- Melbourne teachers are being offered $700 for casual shifts in the regions.
- The Department of Education is subsidising the scheme to tackle staff shortages driven by illness and structural issues.
- Country principals say the staff shortage is as bad as they have seen.
Melbourne-based teachers are being offered $700 a day to work casual shifts in country Victoria as regional schools grapple with a “dire” staff shortage that one veteran principal says is as bad as he has seen.
The shortage is mostly attributed to illness from influenza and COVID-19, but education leaders said structural shortages were also at play, with some schools chronically unable to recruit enough teaching staff.
Schools in regional Victoria are grappling with severe staff shortages.Credit:iStock
One principal said he had been forced to leave some teaching roles unoccupied indefinitely this year as job advertisements went unanswered.
In response to the shortage, recruitment agency anzuk has this month begun spruiking the $700-a-day casual teaching roles, which are subsidised by Victoria’s Department of Education and Training.
Casual relief teachers ordinarily earn a maximum daily rate of about $400 in Victorian government schools.
The financial incentive is in place for the remainder of term two, “with the likeliness to continue into term three”, the agency said.
“Education has been significantly impacted by the effects of the pandemic,” anzuk recruitment team leader Tenielle Henderson wrote. “Whilst schools across the state have all been affected, schools in regional Victoria have been hit the hardest.
“To address this, the Department of Education has brought in a new financial incentive to help teachers from metro Melbourne to support schools in regional Victoria. The financial incentive will cover the costs incurred to travel plus some extra spending money.”
Victorian Principals Association chief executive Andrew Dalgleish said there was a shortage of teaching staff in regional Victoria and in Melbourne’s northern and western suburbs, and a need to attract more students into teaching careers.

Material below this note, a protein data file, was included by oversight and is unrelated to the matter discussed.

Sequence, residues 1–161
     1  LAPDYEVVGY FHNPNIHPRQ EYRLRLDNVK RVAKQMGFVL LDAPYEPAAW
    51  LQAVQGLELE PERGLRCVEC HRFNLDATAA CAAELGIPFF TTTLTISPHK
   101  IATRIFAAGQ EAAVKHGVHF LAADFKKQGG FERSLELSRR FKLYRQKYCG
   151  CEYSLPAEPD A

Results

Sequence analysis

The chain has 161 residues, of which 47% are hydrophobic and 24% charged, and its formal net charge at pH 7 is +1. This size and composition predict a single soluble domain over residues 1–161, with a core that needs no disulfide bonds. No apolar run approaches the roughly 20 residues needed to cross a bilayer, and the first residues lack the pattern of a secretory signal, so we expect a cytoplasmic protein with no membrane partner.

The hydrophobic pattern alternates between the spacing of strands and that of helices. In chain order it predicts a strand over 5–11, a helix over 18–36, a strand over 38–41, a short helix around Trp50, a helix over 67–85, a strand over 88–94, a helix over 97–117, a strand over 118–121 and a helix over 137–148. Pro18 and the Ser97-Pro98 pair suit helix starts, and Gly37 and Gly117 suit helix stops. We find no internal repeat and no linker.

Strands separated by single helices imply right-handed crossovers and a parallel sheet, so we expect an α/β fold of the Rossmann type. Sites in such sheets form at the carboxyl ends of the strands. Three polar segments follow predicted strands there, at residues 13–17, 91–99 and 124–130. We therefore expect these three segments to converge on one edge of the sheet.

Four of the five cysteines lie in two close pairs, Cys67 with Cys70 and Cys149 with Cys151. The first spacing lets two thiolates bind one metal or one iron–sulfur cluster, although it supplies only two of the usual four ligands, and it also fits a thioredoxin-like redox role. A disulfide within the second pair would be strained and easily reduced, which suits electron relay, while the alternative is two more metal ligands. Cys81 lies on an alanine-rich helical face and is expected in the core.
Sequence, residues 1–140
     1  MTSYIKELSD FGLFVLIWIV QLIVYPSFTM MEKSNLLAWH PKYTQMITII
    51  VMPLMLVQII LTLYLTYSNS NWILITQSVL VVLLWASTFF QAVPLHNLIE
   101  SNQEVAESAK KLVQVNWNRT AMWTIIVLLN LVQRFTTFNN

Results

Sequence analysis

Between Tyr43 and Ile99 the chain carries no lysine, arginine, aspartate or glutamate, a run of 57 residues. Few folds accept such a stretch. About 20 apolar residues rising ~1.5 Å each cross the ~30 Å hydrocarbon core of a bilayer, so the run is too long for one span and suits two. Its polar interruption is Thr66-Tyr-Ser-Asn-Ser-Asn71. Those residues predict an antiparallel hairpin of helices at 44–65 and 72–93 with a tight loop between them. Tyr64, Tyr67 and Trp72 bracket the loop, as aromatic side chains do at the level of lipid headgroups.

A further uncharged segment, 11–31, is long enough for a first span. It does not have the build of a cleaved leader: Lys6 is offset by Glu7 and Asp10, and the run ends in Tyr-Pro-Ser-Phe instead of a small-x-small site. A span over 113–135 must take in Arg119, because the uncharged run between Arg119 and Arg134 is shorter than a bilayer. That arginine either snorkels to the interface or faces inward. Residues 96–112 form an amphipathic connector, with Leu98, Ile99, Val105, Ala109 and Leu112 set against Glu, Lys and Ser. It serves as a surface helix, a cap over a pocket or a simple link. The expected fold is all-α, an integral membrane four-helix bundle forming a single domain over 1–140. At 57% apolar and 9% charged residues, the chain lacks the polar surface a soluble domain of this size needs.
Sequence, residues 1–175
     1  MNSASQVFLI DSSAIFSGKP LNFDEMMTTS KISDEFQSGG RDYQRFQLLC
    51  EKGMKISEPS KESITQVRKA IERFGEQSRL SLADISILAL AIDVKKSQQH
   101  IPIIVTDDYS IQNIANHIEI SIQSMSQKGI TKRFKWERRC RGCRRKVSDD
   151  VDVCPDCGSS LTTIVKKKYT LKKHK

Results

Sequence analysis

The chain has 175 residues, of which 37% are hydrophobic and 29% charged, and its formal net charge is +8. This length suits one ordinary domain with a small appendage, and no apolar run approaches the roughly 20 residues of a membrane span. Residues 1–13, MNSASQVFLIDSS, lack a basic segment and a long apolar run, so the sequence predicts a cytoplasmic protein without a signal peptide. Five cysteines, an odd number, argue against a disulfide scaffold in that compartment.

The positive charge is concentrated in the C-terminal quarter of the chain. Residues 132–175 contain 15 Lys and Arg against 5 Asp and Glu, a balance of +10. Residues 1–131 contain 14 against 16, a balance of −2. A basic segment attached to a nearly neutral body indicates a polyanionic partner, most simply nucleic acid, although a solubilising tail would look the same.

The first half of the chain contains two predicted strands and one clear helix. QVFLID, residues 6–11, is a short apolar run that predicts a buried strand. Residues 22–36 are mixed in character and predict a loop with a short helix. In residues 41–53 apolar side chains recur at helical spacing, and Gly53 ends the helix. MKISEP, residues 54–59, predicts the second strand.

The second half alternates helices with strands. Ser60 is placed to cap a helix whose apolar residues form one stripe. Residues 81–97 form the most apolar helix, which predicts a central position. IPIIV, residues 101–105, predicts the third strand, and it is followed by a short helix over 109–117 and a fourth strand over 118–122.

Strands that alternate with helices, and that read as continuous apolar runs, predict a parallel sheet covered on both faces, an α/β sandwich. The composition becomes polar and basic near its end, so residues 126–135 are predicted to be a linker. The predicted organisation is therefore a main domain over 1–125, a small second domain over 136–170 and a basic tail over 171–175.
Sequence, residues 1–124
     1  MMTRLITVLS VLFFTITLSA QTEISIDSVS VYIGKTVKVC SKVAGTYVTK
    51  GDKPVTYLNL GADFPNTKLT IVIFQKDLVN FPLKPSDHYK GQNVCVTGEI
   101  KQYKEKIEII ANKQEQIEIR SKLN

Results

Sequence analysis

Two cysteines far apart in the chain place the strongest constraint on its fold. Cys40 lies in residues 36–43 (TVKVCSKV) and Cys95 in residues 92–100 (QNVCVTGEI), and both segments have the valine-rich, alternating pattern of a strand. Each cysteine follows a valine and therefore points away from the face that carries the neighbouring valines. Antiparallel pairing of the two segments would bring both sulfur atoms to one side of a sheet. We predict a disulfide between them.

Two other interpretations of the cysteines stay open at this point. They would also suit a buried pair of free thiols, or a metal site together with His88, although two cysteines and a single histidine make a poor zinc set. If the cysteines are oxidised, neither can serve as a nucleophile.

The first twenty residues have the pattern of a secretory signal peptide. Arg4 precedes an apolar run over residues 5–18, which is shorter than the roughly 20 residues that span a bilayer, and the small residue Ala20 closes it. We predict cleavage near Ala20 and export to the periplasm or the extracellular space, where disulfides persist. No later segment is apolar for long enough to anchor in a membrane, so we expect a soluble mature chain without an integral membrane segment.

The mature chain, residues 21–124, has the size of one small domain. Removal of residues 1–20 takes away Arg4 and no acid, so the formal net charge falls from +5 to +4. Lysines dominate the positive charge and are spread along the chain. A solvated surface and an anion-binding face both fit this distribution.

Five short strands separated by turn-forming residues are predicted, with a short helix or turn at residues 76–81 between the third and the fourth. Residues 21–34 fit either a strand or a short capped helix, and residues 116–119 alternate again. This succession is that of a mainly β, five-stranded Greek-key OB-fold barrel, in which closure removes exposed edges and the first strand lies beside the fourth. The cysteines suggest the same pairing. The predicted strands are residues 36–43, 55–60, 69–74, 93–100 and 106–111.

“We keep talking about raising the status of the profession as a way to attract more [people into teaching], but it’s not seeming to occur as quickly as we would like,” he said.
Anthony Rodaughan, principal of Kurnai College in Morwell, said the school had found it harder to fill teaching roles this year than ever before.
“We are getting no applicants for positions we are advertising. English, humanities, usually we’d get several applicants, and we have got none,” he said.
The staff shortage had been compounded by illness and absenteeism, with about 30 teachers away at one point in term one, he said. The high number of absences had forced staff who were not off sick to take on extra roles, leaving them exhausted as term two neared its end.
“The teachers that aren’t sick are taking extra classes, so their energy levels drop,” he said. “The whole place becomes thinner and thinner, so some people need a mental health day, they just need to get out, and that leaves a hole someone else must fill, so it can spiral.”
Rodaughan said the department was supporting schools as well as it could.
Catholic schools in regional Victoria are suffering similar shortages.
Darren Egberts, principal of Sacred Heart College in Kyneton and president of the Principals Association of Victorian Catholic Secondary Schools, said the teacher shortage in regional schools was “dire” and “one of the more serious issues I have seen in my time”.
He predicted that if it continues in term three more schools may resort to combining classes or directing some students to learn from home.
“For schools across the board, our first port of call for replacement teachers is our CRT [casual relief teacher] stock or recently retired teachers, and as people have chosen not to return or get out of the profession after COVID, that stock has declined.”
Egberts said Catholic schools in more remote parts of the state, such as the north-west, had an even tougher time attracting new teachers because they could not offer the financial inducements the department does.
Melbourne-based teachers who are prepared to make a longer-term move to a regional government school can receive initial payments of up to $50,000.
An Education Department spokesman said paying relief teachers a daily rate for travel, accommodation and meals to offer short-term support was just one part of its efforts to help schools.
He said 15 teachers were deployed to schools in Shepparton, Wodonga and Wangaratta in the first two weeks of the scheme.
The Morning Edition newsletter is our guide to the day’s most important and interesting stories, analysis and insights. Sign up here.
Most Viewed in National
From our partners
Source: Read Full Article